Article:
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What Indiana Tree Owners Need to Know About the Emerald Ash Borer

In terms of insects that infest trees, few cause as much damage as the Emerald Ash Borer. These bright green, oblong insects often kill their host trees. Since they have been seen throughout the northeast, including in the state of Indiana, it's important for you to know the basics about the Emerald Ash Borer. Here are some common questions you may have as a landowner.

What Kinds of Trees Are Susceptible?

Emerald Ash Borers will infest almost any ash species, including the common white, black, and green ash trees. Mountain ash and prickly ash are not as susceptible to the Emerald Ash Borer. 
If you're not sure whether a tree on your property is an ash, here are a few qualities to look for:
  • An opposite branching pattern: Branches emerge from the two sides of the stem directly across from one another.
  • Compound leaves: Each stem has between 5 and 11 leaflets, which are oval-shaped with jagged edges.
  • Thick, diamond-patterned bark: This bark pattern is seen on the more common white and green ash trees, whereas black ash trees have thinner, scaly bark.
Ash trees are less common than they once were in Indiana because the Emerald Ash Borer infestation has killed so many of them. If you are unsure whether a tree on your property is an ash, then ask your tree care company to identify it for you. This way you'll know if you need to watch the trees for symptoms of an infestation.

How Do You Know a Tree Is Infested With Emerald Ash Borers?

Emerald Ash Borers are not overly shy, so when your tree is infested, you typically see the bugs themselves. They're metallic green in color and about 1/2 inch long with flat backs. You may also see their larvae, which are cream-colored and have pincers extending from their abdomens.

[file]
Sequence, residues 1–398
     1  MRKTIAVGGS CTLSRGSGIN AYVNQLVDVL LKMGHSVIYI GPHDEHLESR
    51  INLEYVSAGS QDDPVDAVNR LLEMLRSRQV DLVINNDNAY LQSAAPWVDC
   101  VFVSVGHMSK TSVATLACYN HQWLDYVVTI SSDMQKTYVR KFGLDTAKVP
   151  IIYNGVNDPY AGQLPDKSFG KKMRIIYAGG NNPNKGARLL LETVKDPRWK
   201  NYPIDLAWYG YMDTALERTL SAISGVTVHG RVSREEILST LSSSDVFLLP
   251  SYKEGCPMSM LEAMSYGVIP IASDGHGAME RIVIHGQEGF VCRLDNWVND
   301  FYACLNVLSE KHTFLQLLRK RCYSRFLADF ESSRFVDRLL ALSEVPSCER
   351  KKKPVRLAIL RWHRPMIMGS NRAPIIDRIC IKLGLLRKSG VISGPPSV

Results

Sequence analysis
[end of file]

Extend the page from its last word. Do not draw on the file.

Other signs of an Emerald Ash Borer infestation include D-shaped holes in the tree bark, dieback of the tree's crown, yellow or wilted foliage, and vertical splits in the bark. Some tree owners also notice an increased presence of woodpeckers because these birds feed on the Emerald Ash Borer larvae.

How Do Emerald Ash Borers Kill a Tree?

The larvae work their way into the tissue beneath the bark. The damage they cause eventually makes it impossible for the tree to transport nutrients and water to its branches. Without any intervention, the bugs typically kill an ash tree within several years. Trees weakened by an Emerald Ash Borer infestation are also increasingly susceptible to fungal infections that may hasten death.

Can You Treat or Cure a Tree With Emerald Ash Borers?

If the infestation is discovered early, then you can sometimes save the tree by having it sprayed with insecticides. The treatment needs to be repeated annually and is not cheap, so this approach is typically only recommended when the tree has significant value.

However, if more than half of the tree's canopy is thinned, then the insecticide treatment won't be effective. Such trees should be removed and destroyed to help prevent the spread of the insects.

Can You Prevent Emerald Ash Borer Infestation?

Emerald Ash Borers are very common in Indiana, and there is no way to ensure your tree does not become infested. However, you can do a few things to reduce your tree's risk of infestation, including:
  • Never bring firewood onto your property, as it may be harboring Emerald Ash Borers.
  • Remind your neighbors to look for signs of Emerald Ash Borers and have infested trees removed.
  • Keep your tree healthy with annual pruning and fertilization.
The Emerald Ash Borer's influence on forests and landscapes in Indiana is unfortunate. However, if landowners work together to keep these insects at bay, there is hope for ash trees. Contact Above & Beyond Tree Service Inc if you need a tree with a suspected Emerald Ash Borers infestation removed. The sooner you remove a damaged or infested tree, the better.

Above & Beyond
Tree Service Inc

19865 Moontown Road
Westfield, IN 460602
Phone: 317-867-5230

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